Israel vows to act against Iranian threats to annihilate it

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Prime Minister Benjamin Netanyahu of Israel addresses the 72nd session of the United Nations General Assembly, at U.N. headquarters, Tuesday, Sept. 19, 2017.

Prime Minister Benjamin Netanyahu of Israel addresses the 72nd session of the United Nations General Assembly, at U.N. headquarters, Tuesday, Sept. 19, 2017. (Photo: AP)

UNITED NATIONS (AP) — Israel's Prime Minister Benjamin Netanyahu warned Iran Tuesday that as long as it seeks Israel's destruction it will face no fiercer enemy than the Jewish state and he vowed to prevent Tehran from establishing permanent military bases in Syria and from producing weapons in Syria or Lebanon.

The Israeli leader said he had a message for Iran's supreme leader Ayatollah Ali Khamenei: "The light of Israel will never be extinguished. ... Those who threaten us with annihilation put themselves in mortal peril."

He again called for the "dangerous" nuclear deal with Iran to be scrapped or fixed, warning world leaders gathered at the U.N. General Assembly that if nothing changes Tehran will follow North Korea and produce hundreds of nuclear weapons.

"Nixing the deal means restoring massive pressure on Iran, including crippling sanctions, until Iran fully dismantles its nuclear weapons capability," Netanyahu said. "Fixing the deal requires many things, among them inspecting military and any other site that is suspect, and penalizing Iran for every violation."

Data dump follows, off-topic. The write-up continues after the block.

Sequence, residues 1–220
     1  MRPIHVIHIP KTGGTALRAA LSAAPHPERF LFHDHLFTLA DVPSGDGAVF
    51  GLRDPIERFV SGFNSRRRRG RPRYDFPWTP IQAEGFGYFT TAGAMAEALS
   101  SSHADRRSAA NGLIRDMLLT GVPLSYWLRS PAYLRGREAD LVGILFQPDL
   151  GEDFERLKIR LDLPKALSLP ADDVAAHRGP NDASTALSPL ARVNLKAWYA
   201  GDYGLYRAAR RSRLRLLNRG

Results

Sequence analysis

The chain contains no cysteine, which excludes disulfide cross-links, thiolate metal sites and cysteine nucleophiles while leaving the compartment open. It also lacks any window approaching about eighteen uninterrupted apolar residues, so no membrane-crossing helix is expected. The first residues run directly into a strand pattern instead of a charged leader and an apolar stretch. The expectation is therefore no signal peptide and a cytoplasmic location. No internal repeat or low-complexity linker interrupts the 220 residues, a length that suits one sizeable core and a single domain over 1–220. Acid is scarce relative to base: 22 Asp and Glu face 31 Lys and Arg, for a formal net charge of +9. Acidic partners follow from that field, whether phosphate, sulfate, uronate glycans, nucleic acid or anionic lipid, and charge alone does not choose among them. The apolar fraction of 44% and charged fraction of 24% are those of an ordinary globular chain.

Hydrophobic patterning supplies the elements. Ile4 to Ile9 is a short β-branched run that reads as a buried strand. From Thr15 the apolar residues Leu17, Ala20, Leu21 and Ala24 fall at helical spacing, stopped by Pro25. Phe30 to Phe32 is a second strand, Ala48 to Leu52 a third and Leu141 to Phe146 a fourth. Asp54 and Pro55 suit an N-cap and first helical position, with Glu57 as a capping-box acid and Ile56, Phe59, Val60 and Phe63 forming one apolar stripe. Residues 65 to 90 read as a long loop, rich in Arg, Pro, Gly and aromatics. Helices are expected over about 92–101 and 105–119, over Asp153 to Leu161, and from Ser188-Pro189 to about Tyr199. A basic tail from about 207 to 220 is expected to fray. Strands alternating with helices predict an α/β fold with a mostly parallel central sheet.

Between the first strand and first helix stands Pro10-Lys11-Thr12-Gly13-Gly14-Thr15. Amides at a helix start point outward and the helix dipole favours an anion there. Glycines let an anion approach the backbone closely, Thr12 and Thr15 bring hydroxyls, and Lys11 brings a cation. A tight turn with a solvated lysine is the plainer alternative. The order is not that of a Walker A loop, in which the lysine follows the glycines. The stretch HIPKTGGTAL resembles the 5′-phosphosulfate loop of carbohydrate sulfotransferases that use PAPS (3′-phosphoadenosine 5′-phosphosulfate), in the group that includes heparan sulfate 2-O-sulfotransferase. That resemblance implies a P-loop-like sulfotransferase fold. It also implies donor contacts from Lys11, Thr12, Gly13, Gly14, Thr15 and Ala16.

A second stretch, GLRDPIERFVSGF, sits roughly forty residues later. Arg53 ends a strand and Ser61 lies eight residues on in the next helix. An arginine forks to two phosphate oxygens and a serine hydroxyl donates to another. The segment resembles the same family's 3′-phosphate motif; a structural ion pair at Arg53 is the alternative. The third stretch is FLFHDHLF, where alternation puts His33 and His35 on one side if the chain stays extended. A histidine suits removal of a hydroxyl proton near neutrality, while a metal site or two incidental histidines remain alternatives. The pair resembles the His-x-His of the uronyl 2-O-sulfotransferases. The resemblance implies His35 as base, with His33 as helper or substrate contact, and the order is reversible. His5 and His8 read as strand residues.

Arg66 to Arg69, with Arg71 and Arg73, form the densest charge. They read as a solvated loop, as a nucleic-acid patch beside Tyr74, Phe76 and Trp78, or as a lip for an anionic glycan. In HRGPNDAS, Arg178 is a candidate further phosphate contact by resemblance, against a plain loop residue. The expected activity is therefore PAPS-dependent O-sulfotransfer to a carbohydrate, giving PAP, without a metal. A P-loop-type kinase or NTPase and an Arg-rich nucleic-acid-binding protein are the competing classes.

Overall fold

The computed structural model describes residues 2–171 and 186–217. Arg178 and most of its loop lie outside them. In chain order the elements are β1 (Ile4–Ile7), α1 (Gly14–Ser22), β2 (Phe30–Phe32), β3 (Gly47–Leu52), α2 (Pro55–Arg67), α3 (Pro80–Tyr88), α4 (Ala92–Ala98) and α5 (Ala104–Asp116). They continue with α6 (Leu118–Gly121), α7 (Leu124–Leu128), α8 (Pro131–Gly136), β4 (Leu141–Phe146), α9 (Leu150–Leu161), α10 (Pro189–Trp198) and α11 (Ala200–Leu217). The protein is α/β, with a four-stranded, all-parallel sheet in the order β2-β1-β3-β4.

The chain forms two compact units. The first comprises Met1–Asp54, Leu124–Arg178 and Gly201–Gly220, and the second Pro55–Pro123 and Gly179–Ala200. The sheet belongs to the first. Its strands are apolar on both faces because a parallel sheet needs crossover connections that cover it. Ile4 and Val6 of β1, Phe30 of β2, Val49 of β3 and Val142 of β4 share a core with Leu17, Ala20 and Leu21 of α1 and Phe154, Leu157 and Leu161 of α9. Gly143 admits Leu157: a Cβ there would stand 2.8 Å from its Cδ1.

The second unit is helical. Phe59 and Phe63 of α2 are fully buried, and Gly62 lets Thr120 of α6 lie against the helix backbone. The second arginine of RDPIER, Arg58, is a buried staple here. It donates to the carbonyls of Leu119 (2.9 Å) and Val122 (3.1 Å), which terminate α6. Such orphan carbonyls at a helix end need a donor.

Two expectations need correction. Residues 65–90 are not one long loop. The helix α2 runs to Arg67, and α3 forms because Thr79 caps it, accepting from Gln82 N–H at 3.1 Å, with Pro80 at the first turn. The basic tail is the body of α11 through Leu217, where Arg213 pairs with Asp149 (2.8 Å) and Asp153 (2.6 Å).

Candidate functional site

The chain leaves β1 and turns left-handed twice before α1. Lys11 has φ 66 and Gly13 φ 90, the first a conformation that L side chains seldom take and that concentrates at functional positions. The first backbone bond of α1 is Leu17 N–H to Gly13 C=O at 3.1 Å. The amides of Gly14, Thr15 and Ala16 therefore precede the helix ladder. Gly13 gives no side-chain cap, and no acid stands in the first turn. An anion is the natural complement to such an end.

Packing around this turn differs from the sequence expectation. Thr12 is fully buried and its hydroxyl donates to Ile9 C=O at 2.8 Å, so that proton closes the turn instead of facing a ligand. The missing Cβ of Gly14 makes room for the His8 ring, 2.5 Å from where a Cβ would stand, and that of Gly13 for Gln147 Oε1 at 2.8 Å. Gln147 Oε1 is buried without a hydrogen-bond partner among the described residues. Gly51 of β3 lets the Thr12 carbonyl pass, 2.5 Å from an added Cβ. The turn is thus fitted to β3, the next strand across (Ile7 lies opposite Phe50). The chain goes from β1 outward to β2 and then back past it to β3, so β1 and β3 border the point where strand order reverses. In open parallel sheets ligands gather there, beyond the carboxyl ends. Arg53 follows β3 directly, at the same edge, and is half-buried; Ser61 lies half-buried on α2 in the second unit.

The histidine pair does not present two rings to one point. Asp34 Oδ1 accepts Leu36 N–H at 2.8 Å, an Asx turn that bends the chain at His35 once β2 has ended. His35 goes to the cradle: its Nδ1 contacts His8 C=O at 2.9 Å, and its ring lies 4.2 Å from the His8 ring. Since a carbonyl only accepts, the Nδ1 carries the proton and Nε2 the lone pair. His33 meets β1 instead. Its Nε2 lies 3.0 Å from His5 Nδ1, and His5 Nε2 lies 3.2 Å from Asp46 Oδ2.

Netanyahu called for the deal to be reworked to eliminate its expiration dates on certain provisions that limit Iran's nuclear activity. In reality, Iran has little incentive to negotiate such concessions.

The Israeli leader also accused Iran of "conducting a campaign of conquest across the Middle East," spreading a "curtain of tyranny and terror over Iraq, Syria, Lebanon and elsewhere." And he said it is developing ballistic missiles "to threaten the entire world."

But Netanyahu said he also had a simple message for the Iranian people: "You are not our enemy, you are our friends." And he repeated "you are our friends" in Farsi, one of Iran's main languages.

"One day, my Iranian friends, you will be free from the evil regime that terrorizes you ... and when that day of liberation finally comes, the friendship between our two ancient peoples will surely flourish once again," he said.

Netanyahu started his speech on a positive note, saying Israel is in the midst of "a great revolution — a revolution in Israel's standing among nations."

He said this is happening because "so many nations have woken up to what Israel can do for them" as a leader in innovation, technology, and in recognizing its "exceptional capabilities in fighting terrorism."

As for the United Nations, Netanyahu said for too long it has been "the epicenter of global anti-Semitism."

"And while it may take many years, I am absolutely confident that the revolution in Israel's ties with individual nations will ultimately be reflected in this hall of nations," he said.

Netanyanu said he made that statement because of the "marked change" in the U.S. government's position.

"Thanks to President (Donald) Trump's unequivocal support for Israel in this body, that positive change is gathering force," he said.

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